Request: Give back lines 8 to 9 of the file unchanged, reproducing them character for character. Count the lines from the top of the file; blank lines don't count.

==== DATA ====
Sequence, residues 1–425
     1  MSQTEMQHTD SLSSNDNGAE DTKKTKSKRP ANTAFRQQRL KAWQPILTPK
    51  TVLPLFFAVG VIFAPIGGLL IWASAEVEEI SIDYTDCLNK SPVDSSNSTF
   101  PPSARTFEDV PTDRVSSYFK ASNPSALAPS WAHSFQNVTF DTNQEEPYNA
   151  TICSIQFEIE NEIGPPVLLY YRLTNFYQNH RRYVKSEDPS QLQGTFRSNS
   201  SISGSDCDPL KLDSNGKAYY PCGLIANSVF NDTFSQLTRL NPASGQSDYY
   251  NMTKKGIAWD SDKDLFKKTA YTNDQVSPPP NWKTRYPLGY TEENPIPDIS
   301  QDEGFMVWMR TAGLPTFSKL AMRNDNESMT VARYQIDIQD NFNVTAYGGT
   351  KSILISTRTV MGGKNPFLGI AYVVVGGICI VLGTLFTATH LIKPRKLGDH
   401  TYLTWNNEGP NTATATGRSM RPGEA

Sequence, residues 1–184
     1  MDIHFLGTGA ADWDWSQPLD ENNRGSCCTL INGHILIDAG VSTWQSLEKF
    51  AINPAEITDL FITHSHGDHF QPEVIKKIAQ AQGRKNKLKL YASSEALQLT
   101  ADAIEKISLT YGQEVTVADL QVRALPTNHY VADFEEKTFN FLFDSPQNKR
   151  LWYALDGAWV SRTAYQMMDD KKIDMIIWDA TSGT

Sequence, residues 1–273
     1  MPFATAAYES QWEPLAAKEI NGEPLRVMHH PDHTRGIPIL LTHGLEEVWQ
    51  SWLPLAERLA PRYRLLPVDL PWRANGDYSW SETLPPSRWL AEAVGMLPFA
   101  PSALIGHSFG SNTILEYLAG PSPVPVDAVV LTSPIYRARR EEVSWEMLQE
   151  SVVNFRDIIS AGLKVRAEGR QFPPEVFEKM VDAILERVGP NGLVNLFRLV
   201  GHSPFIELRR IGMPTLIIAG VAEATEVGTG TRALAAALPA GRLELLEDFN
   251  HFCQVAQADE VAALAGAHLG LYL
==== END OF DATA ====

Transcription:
   301  QDEGFMVWMR TAGLPTFSKL AMRNDNESMT VARYQIDIQD NFNVTAYGGT
   351  KSILISTRTV MGGKNPFLGI AYVVVGGICI VLGTLFTATH LIKPRKLGDH